I want to endorse one point made by the hon. Member for Vale of Glamorgan, which is that the report reminds us that this was not the long war that many Members of the House had predicted. We did not fight hand to hand for weeks on end in Baghdad, as many had predicted. There were not an atrocious number of civilian casualties, as many had also predicted. Although the theme of this debate is accountability, I want to point out that those right hon. and hon. Members who make those gloomy predictions, and, by the way, who do so with fantastic monotonyin one campaign after another, we have to put up with what these doomsters predict for usare never held to account. They never come back to the House to be asked why it is that once again they have got things wrong, and have contributed to lowering national morale at a time when we were about to deploy our forces.
Dr. Andrew Murrison (Westbury) (Con): Would not my right hon. Friend agree, however, that many in the House were misled by the Government, who said that there were weapons of mass destruction, which has signally not been demonstrated? Members of the House are entitled to make the kind of predictions to which he has referred given the misinformation by the Government?
Mr. Portillo: I have already alluded, in perhaps a slightly flippant way, to the shortcomings of the information given to us by the Government in that respect, and I shall refer to that again later. Leaving aside for a moment the question of weapons of mass destruction, many of the other predictions made by right hon. and hon. Members were woefully askew of the truth and even of what was likely. We never see those people coming back to the House to talk about why they got things so wrong, however.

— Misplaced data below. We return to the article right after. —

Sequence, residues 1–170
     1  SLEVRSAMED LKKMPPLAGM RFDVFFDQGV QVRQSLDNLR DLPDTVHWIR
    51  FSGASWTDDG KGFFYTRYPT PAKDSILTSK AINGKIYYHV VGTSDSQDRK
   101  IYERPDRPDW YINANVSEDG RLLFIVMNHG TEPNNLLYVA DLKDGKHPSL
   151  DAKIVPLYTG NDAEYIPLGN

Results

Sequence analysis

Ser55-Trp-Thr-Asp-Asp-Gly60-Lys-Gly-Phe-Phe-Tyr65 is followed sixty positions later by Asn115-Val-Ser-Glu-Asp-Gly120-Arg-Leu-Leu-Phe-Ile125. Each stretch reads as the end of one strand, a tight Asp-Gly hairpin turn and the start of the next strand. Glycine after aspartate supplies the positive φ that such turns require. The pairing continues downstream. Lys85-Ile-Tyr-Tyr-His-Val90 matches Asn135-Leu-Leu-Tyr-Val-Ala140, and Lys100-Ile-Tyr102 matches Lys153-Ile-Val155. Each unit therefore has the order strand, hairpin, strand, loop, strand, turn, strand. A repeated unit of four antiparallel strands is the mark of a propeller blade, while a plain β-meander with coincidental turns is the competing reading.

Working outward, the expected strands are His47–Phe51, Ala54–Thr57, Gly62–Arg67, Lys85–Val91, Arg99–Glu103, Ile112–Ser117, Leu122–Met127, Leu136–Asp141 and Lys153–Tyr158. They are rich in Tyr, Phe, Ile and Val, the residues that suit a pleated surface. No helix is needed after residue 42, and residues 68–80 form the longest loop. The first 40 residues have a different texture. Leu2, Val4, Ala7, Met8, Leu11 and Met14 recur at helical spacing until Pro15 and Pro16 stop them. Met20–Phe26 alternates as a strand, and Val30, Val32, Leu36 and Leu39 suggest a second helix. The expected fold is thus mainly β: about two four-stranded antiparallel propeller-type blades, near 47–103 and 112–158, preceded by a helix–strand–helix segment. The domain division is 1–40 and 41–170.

I did not get the impression from the Secretary of State today that his attitude was what one would expect from a man who was willing to learn the lessons. In line with what the hon. Member for Vale of Glamorgan said, those in the armed forces will of course understand that things go wrong. What they will expect from him, however, is an attitude of mind that means that he wants to absorb those lessons and make things better for the future. In that respect, if I may say so, the Secretary of State's demeanour this afternoon was unfortunate. To make a general comment, it is not his performance that generally gets him into difficulty but his demeanour.